Usually the term refers to spouse or partner abuse. Partner abuse is a complex pattern of behaviours that includes emotional, physical and sexual abuse, not just simple acts of violence. These behaviours are used to exert power and control over his female partner 1.
Lifetime prevalence figures vary depending on the definition but conservative estimates are that up to one in ten women suffer persistent emotional, physical and sexual abuse in an adult intimate relationship as opposed to one in five women who suffer occasional physical abuse at the hands of their partners2. Of women who present to general practices, one in twenty five women in current relationships over a twelve month period are experiencing severe combined abuse e.g. raped, used a knife or gun, kept from medical care, locked in bedroom, not allowed to work outside the home. Up to one in ten women experience emotional or physical or sexual abuse3. One in 50 women are presenting on average to the emergency department today for domestic violence4. Women are very much more likely to be victims of domestic violence than men4.
Women deal with the problem themselves and/or do not perceive the abuse as serious enough to disclose to a GP. Ideas of ‘family duty or norms’, are translated into beliefs about shame, self-blame, concern for her partner, responsibility for family cohesion and that abuse was ‘normal’. Pressure from outside on her capacity to disclose, include her fear of her partner’s revenge, coercion to keep quiet, blame from unsupportive family members, or her partner’s deliberate attempts to isolate her5.
Most presentations are probably hidden and not the obvious black eye. Common hidden presentations are chronic pelvic pain, chronic abdominal pain or “functional gastrointestinal disorders”, multiple presentations at the surgery, anxiety, depression, eating disorders, suicide attempts, alcohol and drug abuse, post traumatic stress disorder, miscarriages, headaches, insomnia, noncompliance, lethargy, accompanying partners6,7,8,9. Victims of abuse are more likely to be younger (less than 40 years), separated or divorced, have a personal history of child abuse, or the perpetrator to have come from a violent family3,8. Up to a third of women who have been subjected to violence and abuse disclose abuse to their general practitioners. Abused women are 2.5 times more likely to disclose if asked by their GP3.
About nine in ten abused women have never been asked by their general practitioners about that abuse3. The reasons given by doctors include lack of time, lack of skills and in particular not knowing what to do once found. Further they believe it doesn’t occur, or believe women provoke abuse or that it is a private matter. The often feel she should just leave resulting in a belief that any intervention won’t change anything as the patient just goes back to the relationship5. GPs are one of the few providers who frequently know the perpetrator.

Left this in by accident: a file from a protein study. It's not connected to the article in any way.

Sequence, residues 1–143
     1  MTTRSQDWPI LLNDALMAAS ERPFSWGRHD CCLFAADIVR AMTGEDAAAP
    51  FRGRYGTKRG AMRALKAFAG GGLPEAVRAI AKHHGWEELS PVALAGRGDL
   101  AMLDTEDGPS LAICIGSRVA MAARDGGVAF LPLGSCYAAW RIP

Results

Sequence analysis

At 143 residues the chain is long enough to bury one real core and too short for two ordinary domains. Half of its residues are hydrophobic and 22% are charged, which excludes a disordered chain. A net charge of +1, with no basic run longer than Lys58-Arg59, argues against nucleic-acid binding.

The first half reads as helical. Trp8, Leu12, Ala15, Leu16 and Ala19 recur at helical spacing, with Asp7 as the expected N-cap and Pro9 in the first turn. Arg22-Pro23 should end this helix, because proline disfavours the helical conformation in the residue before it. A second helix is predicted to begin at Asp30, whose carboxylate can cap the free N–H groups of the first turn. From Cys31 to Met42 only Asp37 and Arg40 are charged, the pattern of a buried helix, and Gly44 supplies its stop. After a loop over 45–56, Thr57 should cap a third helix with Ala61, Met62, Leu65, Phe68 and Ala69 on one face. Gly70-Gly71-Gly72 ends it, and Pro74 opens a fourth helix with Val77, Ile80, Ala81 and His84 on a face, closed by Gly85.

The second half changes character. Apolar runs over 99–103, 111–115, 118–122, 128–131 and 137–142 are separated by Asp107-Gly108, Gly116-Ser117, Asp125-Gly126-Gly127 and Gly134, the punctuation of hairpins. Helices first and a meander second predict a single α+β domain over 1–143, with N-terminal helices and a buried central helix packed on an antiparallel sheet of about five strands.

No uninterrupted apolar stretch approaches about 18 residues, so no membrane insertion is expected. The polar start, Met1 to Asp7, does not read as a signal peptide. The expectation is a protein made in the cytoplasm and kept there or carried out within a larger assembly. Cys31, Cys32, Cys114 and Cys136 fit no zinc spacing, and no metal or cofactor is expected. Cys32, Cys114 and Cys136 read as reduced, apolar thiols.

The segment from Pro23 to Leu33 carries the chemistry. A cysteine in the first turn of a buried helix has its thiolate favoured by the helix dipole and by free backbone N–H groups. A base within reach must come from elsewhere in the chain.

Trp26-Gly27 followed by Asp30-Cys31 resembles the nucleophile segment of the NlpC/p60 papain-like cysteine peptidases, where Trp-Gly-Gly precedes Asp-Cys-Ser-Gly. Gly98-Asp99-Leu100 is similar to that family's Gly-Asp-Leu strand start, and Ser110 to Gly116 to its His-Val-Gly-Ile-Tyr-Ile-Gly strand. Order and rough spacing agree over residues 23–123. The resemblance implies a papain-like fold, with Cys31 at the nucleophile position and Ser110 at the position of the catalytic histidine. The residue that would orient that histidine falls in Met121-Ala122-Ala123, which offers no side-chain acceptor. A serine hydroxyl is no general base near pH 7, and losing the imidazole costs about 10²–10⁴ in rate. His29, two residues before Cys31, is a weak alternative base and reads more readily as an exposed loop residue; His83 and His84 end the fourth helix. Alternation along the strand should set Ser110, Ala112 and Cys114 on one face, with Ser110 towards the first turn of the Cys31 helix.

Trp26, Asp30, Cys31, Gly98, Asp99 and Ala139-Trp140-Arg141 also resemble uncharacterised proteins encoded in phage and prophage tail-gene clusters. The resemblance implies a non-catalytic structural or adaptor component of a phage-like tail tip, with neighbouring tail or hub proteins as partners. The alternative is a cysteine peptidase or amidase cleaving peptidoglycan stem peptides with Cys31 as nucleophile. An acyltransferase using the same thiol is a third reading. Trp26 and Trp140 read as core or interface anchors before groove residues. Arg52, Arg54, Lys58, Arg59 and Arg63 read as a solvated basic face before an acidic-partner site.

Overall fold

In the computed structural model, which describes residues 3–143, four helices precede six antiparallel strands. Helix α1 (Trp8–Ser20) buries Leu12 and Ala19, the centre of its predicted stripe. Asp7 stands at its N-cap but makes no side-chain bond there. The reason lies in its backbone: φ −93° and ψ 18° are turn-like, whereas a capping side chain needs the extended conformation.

In any situation that you suspect underlying psychosocial problems you can ask indirectly and then directly about partner abuse.
- Is there a lot of tension in your relationship? How do you resolve arguments?
- Sometimes partners react strongly in arguments and use physical force. Is this happening to you?
- Has your partner ever physically threatened or hurt you?
- Are you afraid of your partner?
- Violence is very common in the home. I ask a lot of my patients about abuse because no one should have to live in fear of their partners.
Consensus from the literature (see RACGP Women and Violence manual)
- Believe them and state that no one deserves to be beaten. That it is common and that help is available.
- Ensure confidentiality and avoid reassuring that everything will be okay
- Discuss their options (including legal) and encourage decision making.
- Assess their current state - stay, about to leave, ready to leave. Need to inform them that the greatest risk is at the time they are leaving or thinking about leaving.
- Document injuries include history, frequency, severity, clear descriptions
- Assess safety of the woman and her children- What does she need in order to feel safe? Has frequency and severity increased? Weapons involved? Obsession?
- Devise safety plan with her
- Refer for domestic violence counselling in the community.
1. Sassetti MR. Domestic Violence. Prim Care 1993;20(2):289-304.
2. McLennnan W. Women’s Safety Australia:Australian Bureau of Statistics, 1996.
3. Hegarty KH, Measuring a multidimensional definition of domestic violence. The prevalence of partner abuse in general practice. PhD thesis, University of Queensland, 1999.
4. Roberts G, O'Toole B, Lawrence J, Raphael B. Domestic violence victims in a hospital emergency department. Med J Aust 1994;159:307-310.
5. Head C, Taft A. Improving general practitioner management of women experiencing domestic violence: A study of the beliefs and experiences of women victim/survivors and of GPs: Final Report, Department of Health, Housing and Community Service, Canberra, Australia, 1995.
6. McCauley J, Kern DE, Kolodner K, et al. The "battering syndrome": prevalence and clinical characteristics of domestic violence in primary care internal medicine practices. Ann Int Med 1995;123:737-746.
7. Drossman DA, Talley NJ, Lesserman J, Barreiro MA. Sexual and physical abuse and gastrointestinal illness. Review and recommendations. Ann Int Med 1995;123:782-794.
8. Stark E, Flitcraft A. Violence among intimates: An epidemiological review. In: Hasselt VV, Morrison R, Bellack A, Hersen M, ed. Handbook of Family Violence . New York: Plemun Press, 1988:293-316.
9. Mazza D, Dennerstein L, Ryan V. Psychotropic drug use by women: current prevalence and associations. Med J Aust 1995; 163, 86-89.